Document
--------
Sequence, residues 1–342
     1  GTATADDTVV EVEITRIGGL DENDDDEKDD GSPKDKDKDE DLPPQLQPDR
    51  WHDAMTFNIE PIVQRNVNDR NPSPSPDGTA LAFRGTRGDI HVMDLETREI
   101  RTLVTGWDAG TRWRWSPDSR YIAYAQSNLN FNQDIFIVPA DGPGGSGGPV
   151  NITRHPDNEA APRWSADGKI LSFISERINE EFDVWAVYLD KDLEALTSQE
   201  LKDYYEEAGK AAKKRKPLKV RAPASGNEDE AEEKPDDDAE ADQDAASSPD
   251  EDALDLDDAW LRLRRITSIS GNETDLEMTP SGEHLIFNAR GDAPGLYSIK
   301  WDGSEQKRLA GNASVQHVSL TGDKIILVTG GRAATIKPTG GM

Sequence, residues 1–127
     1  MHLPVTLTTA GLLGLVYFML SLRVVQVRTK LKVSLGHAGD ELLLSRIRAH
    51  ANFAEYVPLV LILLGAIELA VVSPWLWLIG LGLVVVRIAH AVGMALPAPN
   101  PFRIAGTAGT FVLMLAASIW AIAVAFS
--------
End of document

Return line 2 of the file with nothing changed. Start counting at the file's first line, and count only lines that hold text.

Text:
     1  GTATADDTVV EVEITRIGGL DENDDDEKDD GSPKDKDKDE DLPPQLQPDR